Greens ask Obama to cut federal fossil fuel production

Greens ask Obama to cut federal fossil fuel production

Hundreds of environmental organizations are asking President Obama to immediately stop selling new leases for extracting oil, natural gas and coal on federal land and water.

The green groups and individuals argue that an immediate halt to lease sales would avoid as much as 450 billion tons of planet-warming carbon dioxide from entering the atmosphere just as world leaders head to Paris in December to write a climate change pact.

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“The longstanding U.S. policy of leasing federal public lands and oceans to corporations for coal, oil and gas extraction must end,” the groups wrote in their Monday letter.

“As the world focuses on climate change in advance of negotiations in Paris this winter, we urge you to demonstrate strong climate leadership by stopping new leasing of our publicly owned fossil fuels.”

The letter is the latest indication that, while greens recognize Obama’s historic actions to fight climate change, including his highly controversial carbon limits for power plants, they don’t think he’s done enough to avoid the most catastrophic effects of global warming.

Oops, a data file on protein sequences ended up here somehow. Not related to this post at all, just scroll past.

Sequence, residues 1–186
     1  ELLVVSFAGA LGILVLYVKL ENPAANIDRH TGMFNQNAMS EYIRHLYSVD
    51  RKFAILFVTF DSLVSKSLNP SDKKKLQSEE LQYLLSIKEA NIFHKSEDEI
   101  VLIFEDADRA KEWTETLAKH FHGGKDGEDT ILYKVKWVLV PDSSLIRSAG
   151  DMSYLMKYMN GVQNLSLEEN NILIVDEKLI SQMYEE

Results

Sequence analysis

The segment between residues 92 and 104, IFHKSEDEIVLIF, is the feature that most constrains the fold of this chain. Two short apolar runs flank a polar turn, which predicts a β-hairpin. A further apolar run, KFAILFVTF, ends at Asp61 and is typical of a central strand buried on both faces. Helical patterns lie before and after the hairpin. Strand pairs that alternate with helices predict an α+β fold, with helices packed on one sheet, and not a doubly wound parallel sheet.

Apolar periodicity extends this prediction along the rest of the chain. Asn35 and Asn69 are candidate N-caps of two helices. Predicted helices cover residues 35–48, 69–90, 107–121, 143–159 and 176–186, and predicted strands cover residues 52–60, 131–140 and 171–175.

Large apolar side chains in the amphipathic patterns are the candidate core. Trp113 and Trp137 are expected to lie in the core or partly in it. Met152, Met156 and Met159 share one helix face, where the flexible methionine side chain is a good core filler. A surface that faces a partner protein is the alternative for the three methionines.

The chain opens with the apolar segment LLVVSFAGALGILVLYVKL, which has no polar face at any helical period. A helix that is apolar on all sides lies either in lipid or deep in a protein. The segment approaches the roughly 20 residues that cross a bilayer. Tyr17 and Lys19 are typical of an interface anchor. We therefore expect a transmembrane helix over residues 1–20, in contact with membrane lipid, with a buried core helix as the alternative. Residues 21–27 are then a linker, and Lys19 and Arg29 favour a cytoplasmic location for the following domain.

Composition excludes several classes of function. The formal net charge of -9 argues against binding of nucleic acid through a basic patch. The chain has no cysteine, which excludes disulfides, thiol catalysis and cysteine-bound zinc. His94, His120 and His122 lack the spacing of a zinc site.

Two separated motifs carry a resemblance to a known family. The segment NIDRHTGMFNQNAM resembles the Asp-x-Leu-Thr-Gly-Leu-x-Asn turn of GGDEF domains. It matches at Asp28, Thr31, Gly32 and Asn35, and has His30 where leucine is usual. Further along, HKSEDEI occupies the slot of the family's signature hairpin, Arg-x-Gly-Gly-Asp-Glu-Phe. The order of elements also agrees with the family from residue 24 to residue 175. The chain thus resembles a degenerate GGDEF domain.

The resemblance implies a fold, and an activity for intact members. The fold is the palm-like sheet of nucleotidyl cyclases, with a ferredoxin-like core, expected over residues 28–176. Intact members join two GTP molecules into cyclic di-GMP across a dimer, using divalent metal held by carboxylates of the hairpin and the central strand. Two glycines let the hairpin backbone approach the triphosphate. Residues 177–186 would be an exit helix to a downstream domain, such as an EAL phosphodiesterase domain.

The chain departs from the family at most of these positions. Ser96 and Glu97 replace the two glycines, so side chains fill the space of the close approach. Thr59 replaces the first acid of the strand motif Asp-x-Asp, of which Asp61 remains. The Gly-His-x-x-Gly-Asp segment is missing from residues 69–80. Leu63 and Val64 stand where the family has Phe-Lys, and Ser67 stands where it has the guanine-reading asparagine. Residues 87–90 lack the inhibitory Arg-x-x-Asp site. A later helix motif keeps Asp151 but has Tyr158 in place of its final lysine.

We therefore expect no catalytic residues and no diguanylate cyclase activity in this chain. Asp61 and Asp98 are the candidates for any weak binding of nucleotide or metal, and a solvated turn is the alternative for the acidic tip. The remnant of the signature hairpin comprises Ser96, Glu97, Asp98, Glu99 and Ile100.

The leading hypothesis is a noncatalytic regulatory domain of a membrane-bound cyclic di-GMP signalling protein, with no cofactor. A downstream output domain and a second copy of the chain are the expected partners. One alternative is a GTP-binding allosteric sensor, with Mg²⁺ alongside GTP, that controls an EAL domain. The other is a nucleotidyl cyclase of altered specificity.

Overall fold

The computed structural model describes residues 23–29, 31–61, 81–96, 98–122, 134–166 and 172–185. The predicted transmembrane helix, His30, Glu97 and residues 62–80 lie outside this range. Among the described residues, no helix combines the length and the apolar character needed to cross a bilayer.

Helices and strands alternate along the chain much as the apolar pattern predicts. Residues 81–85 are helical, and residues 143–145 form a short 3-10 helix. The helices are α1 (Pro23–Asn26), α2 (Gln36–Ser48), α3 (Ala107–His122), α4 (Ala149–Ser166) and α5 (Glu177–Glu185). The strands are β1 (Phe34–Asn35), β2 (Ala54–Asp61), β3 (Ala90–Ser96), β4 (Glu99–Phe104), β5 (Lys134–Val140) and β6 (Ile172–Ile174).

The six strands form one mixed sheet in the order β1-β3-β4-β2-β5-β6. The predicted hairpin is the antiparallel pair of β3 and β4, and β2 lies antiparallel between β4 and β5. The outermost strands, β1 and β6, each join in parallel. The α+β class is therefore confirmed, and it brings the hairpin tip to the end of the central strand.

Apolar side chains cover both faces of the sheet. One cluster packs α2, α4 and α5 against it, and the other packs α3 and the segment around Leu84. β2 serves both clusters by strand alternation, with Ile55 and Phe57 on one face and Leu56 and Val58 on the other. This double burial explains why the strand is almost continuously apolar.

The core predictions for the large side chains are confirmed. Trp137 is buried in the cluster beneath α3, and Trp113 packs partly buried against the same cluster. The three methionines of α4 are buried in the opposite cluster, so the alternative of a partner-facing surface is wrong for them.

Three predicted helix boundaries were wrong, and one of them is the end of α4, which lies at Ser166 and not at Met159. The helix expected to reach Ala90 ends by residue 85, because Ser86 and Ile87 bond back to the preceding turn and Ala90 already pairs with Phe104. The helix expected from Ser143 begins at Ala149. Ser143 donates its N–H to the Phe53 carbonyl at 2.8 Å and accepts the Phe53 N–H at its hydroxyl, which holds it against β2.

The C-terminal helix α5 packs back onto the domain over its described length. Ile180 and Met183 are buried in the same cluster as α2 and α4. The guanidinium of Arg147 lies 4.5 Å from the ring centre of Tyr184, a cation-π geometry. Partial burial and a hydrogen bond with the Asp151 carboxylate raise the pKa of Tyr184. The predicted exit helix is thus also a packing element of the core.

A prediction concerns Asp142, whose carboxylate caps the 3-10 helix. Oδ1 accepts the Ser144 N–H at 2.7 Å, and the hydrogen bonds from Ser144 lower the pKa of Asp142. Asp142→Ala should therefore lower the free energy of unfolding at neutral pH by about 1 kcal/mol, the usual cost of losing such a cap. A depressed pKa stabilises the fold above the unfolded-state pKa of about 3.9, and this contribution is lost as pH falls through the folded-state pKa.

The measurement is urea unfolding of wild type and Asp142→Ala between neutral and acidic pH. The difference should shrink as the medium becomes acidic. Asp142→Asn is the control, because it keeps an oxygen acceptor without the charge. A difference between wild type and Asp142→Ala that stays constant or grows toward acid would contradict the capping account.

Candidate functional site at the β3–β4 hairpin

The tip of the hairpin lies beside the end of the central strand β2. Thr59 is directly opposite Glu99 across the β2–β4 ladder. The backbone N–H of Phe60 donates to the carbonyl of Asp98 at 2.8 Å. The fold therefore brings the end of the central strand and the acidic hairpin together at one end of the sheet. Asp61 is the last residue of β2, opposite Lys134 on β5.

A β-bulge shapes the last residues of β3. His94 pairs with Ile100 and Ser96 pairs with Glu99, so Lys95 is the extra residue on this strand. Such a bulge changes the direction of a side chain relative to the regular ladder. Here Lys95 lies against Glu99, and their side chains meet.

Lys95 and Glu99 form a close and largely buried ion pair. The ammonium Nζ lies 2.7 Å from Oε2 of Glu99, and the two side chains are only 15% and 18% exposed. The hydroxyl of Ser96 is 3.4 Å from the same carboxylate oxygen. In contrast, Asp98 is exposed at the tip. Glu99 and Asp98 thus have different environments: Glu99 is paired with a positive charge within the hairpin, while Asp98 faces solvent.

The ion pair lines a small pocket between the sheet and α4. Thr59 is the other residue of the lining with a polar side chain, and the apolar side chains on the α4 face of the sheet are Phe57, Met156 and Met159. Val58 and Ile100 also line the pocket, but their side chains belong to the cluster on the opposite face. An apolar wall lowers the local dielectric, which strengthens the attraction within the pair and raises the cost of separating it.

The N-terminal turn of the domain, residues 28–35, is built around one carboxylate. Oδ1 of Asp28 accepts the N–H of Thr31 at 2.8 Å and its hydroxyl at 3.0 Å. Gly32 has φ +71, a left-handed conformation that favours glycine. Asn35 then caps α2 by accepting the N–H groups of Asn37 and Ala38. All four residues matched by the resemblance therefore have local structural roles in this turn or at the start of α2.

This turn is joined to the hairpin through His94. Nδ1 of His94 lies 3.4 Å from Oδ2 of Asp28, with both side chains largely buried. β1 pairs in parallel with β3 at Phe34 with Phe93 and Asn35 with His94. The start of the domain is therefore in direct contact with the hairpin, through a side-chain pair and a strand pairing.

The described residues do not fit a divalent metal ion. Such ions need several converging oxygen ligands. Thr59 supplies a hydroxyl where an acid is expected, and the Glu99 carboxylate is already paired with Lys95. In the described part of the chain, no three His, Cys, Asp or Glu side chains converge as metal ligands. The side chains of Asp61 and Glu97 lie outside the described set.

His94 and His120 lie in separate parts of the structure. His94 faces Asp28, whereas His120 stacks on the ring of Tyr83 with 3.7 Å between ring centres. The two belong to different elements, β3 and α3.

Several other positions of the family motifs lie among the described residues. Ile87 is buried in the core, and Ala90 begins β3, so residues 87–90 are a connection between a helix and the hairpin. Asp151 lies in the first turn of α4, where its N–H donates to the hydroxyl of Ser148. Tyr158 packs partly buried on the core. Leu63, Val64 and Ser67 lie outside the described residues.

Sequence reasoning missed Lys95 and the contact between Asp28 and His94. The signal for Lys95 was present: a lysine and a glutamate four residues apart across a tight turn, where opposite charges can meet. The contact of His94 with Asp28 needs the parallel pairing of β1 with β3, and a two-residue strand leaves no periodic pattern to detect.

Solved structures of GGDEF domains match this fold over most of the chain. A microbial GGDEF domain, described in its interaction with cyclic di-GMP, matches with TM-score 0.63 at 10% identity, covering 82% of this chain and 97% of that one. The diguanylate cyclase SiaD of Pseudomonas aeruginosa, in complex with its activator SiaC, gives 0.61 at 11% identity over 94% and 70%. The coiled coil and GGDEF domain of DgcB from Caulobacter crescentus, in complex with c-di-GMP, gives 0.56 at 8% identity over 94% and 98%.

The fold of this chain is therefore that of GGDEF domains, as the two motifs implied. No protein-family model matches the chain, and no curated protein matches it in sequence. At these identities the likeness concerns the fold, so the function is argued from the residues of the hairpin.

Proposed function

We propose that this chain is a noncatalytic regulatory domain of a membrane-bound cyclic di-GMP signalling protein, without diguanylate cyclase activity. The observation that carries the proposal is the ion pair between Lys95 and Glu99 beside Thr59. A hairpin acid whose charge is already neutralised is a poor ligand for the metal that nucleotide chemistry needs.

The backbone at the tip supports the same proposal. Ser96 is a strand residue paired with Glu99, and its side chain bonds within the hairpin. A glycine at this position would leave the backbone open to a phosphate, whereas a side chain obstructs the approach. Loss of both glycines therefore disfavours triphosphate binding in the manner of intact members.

That anger was especially visible last month, when Obama visited Alaska amid protests over his approval of Royal Dutch Shell’s plan to drill for oil and natural gas in the Arctic Ocean.

And while Obama’s policies have focused mainly on how energy is consumed, the environmental activists are asking that he also take action to crack down the collection of fossil fuels.

The request also puts a great deal of blame for climate change solidly on Obama’s shoulders, arguing publicly owned fossil fuel resources are his responsibility.

“With the stroke of a pen, you could take the bold action needed to stop new federal leasing of fossil fuels, and to keep those remaining fossil fuels — our publicly owned fossil fuels — safely in the ground,” they said.

If Obama complied with the groups’ request, drilling would still be allowed on existing leases, which cover 67 million acres.